Updated: Apr 29
When I started my private practice 25 years ago, my aim was to ensure that all my patients would receive the high quality, personalized care that reflects my dedication, commitment, and genuine love of caring for people. This is what my family has done for generations.
The practice of neurology requires spending adequate time with patients and listening to them carefully. All physicians require time to think in order to determine the correct diagnosis and treatment plan for every patient. There are no shortcuts. Additional time is required to keep up to date on the latest research and treatments.
Practicing neurology in a patient-centric fashion has become increasingly challenging. I spend more time every year fighting obstacles to your care created by insurance companies. Obtaining coverage for appropriate medications and indicated testing requires reams of paperwork and pleading with non-neurologist insurance physicians. My time is better spent with you, my patients, discussing your concerns, developing health plans, researching your conditions, and coordinating your care with the other physicians on your team.
Prior to and throughout the pandemic I have adapted by providing my patients with telemedicine services and up to the minute treatment and prevention advice to ensure that your care was never compromised.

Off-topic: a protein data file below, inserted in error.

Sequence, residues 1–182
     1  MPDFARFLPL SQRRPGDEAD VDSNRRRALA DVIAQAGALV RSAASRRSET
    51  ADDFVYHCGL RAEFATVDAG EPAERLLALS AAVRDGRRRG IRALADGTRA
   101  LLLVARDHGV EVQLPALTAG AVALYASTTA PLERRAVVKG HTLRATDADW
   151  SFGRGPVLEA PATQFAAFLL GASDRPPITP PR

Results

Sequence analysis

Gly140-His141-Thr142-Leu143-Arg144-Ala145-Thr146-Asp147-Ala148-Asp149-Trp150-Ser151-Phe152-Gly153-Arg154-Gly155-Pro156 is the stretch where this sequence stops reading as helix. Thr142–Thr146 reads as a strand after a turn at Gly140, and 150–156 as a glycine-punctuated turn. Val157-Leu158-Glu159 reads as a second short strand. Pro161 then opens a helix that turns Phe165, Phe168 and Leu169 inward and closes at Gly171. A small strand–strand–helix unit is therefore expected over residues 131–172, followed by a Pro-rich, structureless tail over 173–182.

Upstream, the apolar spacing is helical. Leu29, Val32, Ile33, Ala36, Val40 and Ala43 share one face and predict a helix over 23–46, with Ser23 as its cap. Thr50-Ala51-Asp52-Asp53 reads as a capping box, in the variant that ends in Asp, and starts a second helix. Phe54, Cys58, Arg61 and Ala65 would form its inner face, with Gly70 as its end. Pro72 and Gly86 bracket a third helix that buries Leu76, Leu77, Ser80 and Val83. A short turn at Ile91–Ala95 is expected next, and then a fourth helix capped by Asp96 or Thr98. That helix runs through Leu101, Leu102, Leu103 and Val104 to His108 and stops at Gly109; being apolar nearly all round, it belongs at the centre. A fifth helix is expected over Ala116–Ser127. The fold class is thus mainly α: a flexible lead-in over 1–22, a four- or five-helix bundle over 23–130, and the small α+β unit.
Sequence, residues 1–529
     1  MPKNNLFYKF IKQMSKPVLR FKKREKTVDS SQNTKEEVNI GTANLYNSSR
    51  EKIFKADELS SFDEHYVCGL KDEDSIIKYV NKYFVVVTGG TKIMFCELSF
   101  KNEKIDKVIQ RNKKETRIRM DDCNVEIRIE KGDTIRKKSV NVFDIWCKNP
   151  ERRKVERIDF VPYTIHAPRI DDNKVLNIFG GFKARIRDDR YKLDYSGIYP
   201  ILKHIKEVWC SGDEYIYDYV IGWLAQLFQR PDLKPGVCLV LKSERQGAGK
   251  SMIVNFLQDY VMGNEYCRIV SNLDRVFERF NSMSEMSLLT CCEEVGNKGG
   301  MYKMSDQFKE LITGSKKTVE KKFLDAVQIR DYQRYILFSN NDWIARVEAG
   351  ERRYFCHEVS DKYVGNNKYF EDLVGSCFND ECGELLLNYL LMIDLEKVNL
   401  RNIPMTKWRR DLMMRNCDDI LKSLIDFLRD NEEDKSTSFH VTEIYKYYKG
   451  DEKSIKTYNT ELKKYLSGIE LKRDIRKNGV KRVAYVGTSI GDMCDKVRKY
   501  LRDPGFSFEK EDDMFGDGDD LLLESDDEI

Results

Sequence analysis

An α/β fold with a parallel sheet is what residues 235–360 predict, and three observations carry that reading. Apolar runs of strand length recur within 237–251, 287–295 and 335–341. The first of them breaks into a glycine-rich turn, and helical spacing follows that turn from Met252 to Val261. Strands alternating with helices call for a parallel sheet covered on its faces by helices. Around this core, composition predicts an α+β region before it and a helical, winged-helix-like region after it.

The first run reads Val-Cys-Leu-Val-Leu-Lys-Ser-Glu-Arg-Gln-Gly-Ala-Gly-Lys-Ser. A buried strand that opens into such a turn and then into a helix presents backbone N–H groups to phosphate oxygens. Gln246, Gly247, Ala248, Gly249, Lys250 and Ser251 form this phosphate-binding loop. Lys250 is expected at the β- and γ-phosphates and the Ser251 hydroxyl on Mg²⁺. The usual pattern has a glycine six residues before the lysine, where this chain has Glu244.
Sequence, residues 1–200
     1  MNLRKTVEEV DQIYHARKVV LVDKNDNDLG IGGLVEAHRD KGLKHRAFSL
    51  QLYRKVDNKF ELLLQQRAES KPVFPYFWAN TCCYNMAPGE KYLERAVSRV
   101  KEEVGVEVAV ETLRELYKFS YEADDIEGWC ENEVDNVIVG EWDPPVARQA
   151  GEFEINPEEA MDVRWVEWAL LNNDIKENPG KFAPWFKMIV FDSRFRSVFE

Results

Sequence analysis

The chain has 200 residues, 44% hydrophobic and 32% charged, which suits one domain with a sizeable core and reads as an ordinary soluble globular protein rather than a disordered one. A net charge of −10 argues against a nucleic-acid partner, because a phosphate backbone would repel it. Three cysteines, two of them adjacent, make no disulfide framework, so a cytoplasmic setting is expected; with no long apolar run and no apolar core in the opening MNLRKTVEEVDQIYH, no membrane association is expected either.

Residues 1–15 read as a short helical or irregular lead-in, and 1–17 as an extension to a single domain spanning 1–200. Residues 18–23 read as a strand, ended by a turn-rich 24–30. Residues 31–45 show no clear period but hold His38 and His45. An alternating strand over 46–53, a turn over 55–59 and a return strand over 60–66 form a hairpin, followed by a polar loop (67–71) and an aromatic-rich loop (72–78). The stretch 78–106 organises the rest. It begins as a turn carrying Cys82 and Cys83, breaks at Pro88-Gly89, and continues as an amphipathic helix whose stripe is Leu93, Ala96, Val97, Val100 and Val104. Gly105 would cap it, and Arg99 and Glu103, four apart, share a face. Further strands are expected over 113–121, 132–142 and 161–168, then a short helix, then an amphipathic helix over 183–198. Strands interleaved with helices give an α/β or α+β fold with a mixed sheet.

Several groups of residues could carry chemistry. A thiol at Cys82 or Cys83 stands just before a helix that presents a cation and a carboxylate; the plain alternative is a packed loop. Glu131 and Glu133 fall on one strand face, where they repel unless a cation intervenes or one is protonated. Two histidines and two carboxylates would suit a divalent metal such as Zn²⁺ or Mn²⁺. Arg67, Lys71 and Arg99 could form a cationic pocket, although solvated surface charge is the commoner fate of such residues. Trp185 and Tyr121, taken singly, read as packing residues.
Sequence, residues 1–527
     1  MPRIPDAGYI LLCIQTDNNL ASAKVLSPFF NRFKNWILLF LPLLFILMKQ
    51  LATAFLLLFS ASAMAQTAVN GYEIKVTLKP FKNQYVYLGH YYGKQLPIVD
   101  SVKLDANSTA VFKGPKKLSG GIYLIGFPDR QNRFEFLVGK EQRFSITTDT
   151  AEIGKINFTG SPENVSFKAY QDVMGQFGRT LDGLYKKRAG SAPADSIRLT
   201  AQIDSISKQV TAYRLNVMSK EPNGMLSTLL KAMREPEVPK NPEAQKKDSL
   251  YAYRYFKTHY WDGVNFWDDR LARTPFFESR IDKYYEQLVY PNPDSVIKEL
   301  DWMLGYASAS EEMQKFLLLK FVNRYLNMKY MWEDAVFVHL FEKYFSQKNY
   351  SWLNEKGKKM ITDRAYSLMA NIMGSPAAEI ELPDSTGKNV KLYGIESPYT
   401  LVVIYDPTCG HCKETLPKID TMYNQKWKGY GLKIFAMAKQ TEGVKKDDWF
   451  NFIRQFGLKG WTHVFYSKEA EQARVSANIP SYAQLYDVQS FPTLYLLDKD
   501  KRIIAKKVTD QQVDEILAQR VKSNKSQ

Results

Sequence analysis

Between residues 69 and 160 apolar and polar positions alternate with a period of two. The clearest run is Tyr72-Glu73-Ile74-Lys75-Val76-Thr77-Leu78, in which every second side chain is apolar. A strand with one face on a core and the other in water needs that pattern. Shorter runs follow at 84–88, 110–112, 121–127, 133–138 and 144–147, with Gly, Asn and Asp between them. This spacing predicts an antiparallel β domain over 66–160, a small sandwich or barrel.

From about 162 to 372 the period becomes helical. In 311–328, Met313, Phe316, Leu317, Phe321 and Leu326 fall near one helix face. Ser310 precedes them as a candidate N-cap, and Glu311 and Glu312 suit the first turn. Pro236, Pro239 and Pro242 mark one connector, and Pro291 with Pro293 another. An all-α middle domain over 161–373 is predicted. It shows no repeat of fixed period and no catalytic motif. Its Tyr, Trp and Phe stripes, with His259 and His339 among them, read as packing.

The operational costs of running a medical practice are constantly increasing while insurance reimbursements are constantly in decline. Insurance companies compensate physicians based on the diseases they diagnose; preventative neurologic testing and care,
and my approach to promote brain health, are not relevant to them.
Over 25 years, I have developed a program of preventative neurology focused on promoting brain health in order to improve your future neurologic function. I will continue to practice in this fashion, rather than only reacting when something goes wrong.
I am losing the ability to provide you the time you deserve. I have struggled with this. In order to maintain high quality standards, I must institute a practice membership fee of $270 per patient per quarter. A yearly membership is available for $900. This will allow me to provide you with the attention and medical expertise you deserve.
If you have an existing appointment with me, it will be honored without the membership fee.
Should you choose to see another neurologist, I will provide recommendations and transition your care smoothly and promptly. I will be available for your neurologic care during this transition.
This membership model is not new, but it is new to me. With all new paths there are bumps along the way. I appreciate your understanding and patience as we continue this journey together.
I want to thank you for entrusting me with your neurologic health. It has been an honor and a privilege to care for you. I wish you continued good health and happiness, whatever path you choose.
Madhureeta Achari, MD